So Euro Junk is considered “riskless”???


6.U.S. Dollar Impact on Sector Returns.



7.Small Business Optimism Back to 2006 Highs.


The Index of Small Business Optimism rose 1.6 points to 105.2, preserving the surge in optimism that started the day after the election. Seven of the 10 Index components posted a gain, two declined, and one was unchanged. Since the recession, the Index peaked at 105.9 in January, just 0.7 points above the July reading.



8.Private Equity Sitting on $1 Trillion in Cash.


Exchange-traded funds flush with cash as private equity struggles invest record $1 trillion

With private equity firms sitting on a record amount of cash they’re struggling to invest, their clients are turning to exchange-traded funds for relief.

By: Bloomberg | Updated: August 10, 2017 10:35 AM

The amount of dry powder — money raised but not yet invested — could hit trillion by the end of year in private equity alone. (Image: Reuters)

With private equity firms sitting on a record amount of cash they’re struggling to invest, their clients are turning to exchange-traded funds for relief. BlackRock Inc. and State Street Corp., two of the world’s biggest providers of ETFs, say an increasing number of institutional investors are using their products to park money earmarked for private funds. These investors — pension plans, foundations and endowments that are under pressure to meet obligations — are trying to eke out an extra return on cash that would otherwise languish in a money market fund.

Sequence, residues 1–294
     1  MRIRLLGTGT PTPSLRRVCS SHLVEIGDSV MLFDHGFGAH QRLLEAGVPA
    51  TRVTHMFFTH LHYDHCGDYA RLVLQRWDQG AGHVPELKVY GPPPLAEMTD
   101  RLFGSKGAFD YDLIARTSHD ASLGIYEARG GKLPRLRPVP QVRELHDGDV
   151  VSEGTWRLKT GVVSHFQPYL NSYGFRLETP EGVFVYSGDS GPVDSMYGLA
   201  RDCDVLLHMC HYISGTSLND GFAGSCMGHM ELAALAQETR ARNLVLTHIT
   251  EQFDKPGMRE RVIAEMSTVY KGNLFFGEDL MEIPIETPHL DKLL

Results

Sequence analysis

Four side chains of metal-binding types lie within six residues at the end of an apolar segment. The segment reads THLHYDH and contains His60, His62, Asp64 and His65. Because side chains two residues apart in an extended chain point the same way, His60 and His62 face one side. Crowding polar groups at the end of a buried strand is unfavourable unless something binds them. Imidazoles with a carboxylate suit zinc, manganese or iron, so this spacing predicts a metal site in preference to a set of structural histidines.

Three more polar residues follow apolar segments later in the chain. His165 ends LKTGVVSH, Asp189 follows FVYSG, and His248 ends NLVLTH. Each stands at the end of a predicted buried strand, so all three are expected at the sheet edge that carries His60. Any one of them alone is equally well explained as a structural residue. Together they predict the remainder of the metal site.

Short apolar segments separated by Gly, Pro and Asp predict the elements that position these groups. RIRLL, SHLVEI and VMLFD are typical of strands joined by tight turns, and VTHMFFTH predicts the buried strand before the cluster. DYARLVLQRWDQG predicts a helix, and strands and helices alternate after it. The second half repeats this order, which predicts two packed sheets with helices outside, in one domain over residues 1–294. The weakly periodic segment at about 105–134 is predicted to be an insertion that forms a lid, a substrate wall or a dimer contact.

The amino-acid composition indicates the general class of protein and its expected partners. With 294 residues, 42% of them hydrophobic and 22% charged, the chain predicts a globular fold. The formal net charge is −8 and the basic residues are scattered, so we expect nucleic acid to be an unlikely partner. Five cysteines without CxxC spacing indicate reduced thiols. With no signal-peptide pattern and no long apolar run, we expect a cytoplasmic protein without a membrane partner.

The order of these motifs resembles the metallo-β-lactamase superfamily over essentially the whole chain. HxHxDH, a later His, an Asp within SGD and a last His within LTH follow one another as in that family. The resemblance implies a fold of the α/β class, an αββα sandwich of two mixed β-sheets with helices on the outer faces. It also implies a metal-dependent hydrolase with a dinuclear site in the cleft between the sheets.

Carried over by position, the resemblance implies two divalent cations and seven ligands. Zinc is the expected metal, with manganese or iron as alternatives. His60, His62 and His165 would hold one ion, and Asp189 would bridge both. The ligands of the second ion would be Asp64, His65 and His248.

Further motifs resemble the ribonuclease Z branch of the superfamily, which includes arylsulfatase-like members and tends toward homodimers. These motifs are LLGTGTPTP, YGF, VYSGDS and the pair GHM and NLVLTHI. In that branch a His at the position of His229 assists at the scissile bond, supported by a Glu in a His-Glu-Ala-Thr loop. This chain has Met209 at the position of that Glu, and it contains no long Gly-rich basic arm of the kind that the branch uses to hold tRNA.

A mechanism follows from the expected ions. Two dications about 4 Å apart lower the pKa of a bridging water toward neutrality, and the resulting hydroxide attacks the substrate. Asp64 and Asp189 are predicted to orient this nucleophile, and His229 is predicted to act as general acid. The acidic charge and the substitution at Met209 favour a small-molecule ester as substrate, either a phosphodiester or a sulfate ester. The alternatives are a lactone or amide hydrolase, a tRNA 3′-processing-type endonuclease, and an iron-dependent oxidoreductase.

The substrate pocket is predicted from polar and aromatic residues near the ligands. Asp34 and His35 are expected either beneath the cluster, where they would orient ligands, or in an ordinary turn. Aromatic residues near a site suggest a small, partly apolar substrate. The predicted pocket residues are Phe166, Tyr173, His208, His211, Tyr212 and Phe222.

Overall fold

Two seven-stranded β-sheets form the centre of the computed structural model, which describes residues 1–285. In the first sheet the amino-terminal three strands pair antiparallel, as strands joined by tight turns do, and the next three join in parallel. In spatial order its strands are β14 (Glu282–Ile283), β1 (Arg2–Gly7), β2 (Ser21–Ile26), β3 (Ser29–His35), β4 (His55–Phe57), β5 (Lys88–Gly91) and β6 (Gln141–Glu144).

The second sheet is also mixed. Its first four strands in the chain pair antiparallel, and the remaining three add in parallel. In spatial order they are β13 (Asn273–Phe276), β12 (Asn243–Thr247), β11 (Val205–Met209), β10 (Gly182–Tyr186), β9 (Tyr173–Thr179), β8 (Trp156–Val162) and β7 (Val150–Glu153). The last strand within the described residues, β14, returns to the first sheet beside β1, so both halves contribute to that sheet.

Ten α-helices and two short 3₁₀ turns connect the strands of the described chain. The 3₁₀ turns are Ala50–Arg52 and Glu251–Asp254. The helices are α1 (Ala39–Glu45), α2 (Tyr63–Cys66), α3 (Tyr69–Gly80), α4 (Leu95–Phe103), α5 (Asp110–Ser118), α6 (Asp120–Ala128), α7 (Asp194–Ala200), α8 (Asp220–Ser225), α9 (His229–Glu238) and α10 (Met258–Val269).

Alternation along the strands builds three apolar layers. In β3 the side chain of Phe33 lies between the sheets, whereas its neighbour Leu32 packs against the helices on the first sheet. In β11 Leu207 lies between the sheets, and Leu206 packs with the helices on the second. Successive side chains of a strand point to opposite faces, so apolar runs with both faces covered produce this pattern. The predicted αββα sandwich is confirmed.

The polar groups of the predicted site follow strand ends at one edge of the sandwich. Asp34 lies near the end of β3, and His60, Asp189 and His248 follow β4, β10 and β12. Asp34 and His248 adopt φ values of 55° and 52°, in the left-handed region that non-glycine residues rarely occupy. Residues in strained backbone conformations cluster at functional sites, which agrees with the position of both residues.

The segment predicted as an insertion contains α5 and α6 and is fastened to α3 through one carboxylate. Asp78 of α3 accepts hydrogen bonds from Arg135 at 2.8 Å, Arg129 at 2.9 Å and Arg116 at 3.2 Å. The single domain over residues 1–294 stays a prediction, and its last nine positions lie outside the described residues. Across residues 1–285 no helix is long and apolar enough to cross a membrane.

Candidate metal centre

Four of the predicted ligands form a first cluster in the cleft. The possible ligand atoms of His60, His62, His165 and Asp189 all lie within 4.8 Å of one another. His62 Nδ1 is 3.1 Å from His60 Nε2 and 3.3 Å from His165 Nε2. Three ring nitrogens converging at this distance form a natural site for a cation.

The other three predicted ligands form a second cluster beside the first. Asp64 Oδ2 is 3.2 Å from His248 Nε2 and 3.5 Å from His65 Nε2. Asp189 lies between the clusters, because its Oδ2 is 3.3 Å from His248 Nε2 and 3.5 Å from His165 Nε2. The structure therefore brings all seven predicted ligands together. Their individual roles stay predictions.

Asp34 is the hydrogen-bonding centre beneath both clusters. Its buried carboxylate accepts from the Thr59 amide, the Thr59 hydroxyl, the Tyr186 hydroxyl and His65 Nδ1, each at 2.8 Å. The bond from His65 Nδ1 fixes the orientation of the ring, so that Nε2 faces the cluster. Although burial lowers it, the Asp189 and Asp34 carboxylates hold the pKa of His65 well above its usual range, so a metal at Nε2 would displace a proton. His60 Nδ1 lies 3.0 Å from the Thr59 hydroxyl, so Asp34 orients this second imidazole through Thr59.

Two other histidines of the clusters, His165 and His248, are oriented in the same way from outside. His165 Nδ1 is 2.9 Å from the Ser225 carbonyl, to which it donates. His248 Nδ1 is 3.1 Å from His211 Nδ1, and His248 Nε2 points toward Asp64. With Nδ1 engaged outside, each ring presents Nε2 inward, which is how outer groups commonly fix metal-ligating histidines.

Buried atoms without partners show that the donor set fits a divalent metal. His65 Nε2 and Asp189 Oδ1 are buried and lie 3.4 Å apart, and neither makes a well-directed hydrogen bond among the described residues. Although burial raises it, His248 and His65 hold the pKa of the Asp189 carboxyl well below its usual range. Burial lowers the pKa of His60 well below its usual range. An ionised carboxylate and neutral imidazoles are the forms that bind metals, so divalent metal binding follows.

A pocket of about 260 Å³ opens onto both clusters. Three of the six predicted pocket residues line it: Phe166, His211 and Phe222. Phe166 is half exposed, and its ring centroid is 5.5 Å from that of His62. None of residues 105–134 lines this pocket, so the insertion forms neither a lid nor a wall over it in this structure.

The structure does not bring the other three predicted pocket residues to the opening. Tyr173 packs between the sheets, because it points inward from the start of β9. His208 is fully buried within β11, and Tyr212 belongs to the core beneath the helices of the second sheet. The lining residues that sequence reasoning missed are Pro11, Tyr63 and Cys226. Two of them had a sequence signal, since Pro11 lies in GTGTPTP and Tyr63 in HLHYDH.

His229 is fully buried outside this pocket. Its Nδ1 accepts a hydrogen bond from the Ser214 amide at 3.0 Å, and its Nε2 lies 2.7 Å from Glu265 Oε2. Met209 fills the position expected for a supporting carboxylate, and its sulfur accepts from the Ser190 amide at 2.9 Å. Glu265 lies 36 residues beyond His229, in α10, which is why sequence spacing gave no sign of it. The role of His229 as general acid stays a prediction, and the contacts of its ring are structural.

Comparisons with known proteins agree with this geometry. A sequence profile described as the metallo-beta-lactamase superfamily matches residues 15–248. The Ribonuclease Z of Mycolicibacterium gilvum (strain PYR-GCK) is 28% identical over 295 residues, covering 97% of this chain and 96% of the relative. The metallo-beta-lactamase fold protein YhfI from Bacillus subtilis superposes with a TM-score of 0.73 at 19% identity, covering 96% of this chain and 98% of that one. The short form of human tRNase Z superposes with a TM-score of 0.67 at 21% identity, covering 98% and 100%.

“They can’t afford to have money sitting in cash or similar low-yielding investments,” said Armit Bhambra, who works for BlackRock’s iShares U.K. institutional team from London. “It’s difficult to justify sitting in cash for 24 months, so they’re having to think about different ways to fund these types of mandates.”

The amount of dry powder — money raised but not yet invested — could hit $1 trillion by the end of year in private equity alone, after reaching $963 billion in July, according to researcher Preqin Ltd. That’s pushing out the average time it takes for new commitments to start being invested to as long as three years, up from one year previously, according to State Street.



9.Opioid Epidemic.


Food for Thought: Daily opioid dose.

Source: @voxdotcom; Read full article

Physicians from better-ranked medical schools prescribe fewer opioids.

Source: @axios; Read full article



10.5 Traits of People With High Emotional Intelligence

This is the secret sauce for accelerating and amplifying your success.

By Andrew Thomas


One of the biggest realizations I’ve had in my career is also one of the purest: the simple fact that people are drawn to likable people. It’s human nature. People want to do business with people they like.

Yet when you look around, you’ll notice that many people don’t make it a priority to learn the habits of likable people. They overlook honing the emotional intelligence needed to build great relationships and attract new levels of success.